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As planning for our Christmas feasts enters the home straight, we perhaps should ask ourselves just how secure is our food supply. Could we literally be carving out our demise with every slice of the ham? How worried should we be about agroterrorism? Is our food supply vulnerable to targeted pathogen or radiation exposure, simple manipulation or even a cyber breach or EMP attack? We have a tendency to think two dimensionally when assessing risk, ignoring the threat, literally in our own backyards.
Agroterrorists have access to animal based bio-agents, which are easy to transport and simple to conceal. Just as ramming a speeding truck into a crowd is low-tech, an attack via the food chain has a low barrier to entry and little skill needed to execute. Weaponizing livestock is as simple as tending the flock or feeding the cattle. There is little expertise or special equipment required and given most animal borne pathogens are not communicable to humans, the logistics are easy. It really is farm to table pathogen delivery.
Food manufactures and agriculture writ large is dangerously ill equipped to deal with a premeditated attack. As equipment manufactures and food production companies become more reliant on automated, interconnected processes and manufacturing, the potential of a hacker breaching the production process increases drastically.
Picture this. antifa infiltrates a production facility and manipulates the readouts for a pasteurizer designed to decrease the risk of foodborne illness. If undetected, the delivered, consumed product would gravely endanger consumer safety. Under-processed food could be the delivery vehicle for dangerous human pathogens such as E. coli O157:H7, Listeria monocytogenes, and Salmonella spp. This is especially true for canned goods, where inadequate processing would increase the risk of botulism poisoning.
The neurotoxin produced from Clostridium botulinum is the deadliest, naturally occurring acute toxin on the planet and results in visual and respiratory impairment and the loss of muscle control. Death by asphyxiation usually results three to six days after symptoms begin. There is an antiserum for the botulism neurotoxin, however the mortality rate with treatment is still between 5-15 percent.
In his prescient book One Second After, William R. Forstchen gives us a glimpse into the potential impact an EMP attack would have on the United States. The country effectively falls apart once the power grid is disabled. Experts predict that after a single year without power, nearly 80 percent of American’s would be dead from simple starvation.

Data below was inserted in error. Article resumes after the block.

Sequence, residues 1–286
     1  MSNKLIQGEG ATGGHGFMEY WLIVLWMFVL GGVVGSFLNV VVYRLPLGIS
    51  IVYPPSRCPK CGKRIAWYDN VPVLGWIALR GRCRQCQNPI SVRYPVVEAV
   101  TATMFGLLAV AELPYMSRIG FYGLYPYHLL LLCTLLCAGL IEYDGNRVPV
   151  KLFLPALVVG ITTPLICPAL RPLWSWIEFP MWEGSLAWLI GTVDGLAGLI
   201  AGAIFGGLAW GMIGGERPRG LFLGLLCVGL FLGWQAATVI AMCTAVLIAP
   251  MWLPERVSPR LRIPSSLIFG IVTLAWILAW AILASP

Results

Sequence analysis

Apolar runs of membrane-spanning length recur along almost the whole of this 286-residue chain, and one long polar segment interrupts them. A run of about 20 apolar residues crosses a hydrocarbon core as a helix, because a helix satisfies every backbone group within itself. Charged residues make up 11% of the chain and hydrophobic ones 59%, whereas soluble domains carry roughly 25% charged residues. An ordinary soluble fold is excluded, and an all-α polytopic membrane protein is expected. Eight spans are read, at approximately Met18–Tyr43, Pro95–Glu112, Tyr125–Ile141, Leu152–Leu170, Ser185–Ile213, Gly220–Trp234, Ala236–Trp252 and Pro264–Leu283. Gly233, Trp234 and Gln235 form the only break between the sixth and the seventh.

An EMP attack would affect the entire food supply chain from farm to table. Modern farm equipment would be offline, leaving thousands of acres of crops unharvested. Temperature controlled distribution warehouses would be offline, leaving thousands of pounds of food to perish. An almost instant food shortage would sweep the country. The agriculture and food industry is one of the 16 core planks of survival determined by the Department of Homeland Security (DHS). Yet the sector receives scant attention.
An increasingly common practice in the agricultural sector is a process known as food irradiation, a form, and source of radiation. Producers introduce radiation into their produce, to extend the shelf life of food. These radiating facilities are automated. Suppose a bad actor altered the algorithms, drastically spiking radiation levels?Vast swathes of produce and food stores could be irradiated to dangerous levels. Worse, equipment could be manipulated to trigger a meltdown — an F&B dirty bomb. Additionally under-exposing the food would result in distribution of harmful, contaminated produce. Is there a viable solution for mass population radiation poisoning? The simple answer is no.
A recent example of the vulnerability of the food supply chain is Puerto Rico. Hurricane Maria devastated the island’s agriculture infrastructure overnight. The water supply is now contaminated with sewer and chemical runoff along with agricultural waste products. The Island’s farmers estimate it will take more than a year for farms to even begin production, let alone harvest.
More must be done to gird the nation against agroterrorism in both pre- and post-event scenarios. The resources that ISIS or antifa would need to attack the food supply chain are by no means prohibitive. The agricultural and food industries are vulnerable. A major agroterrorist attack on the sector would deal a devastating blow, not only to the food supply but the confidence of the United States.
Kyle Landry is a lecturer in the Department of Health Sciences at Boston University and research fellow in the Department of Genetics at Harvard University. LCDR Greg Keeley USN (ret.) is a national security consultant, former senior congressional aide, and combat veteran of Iraq and Afghanistan.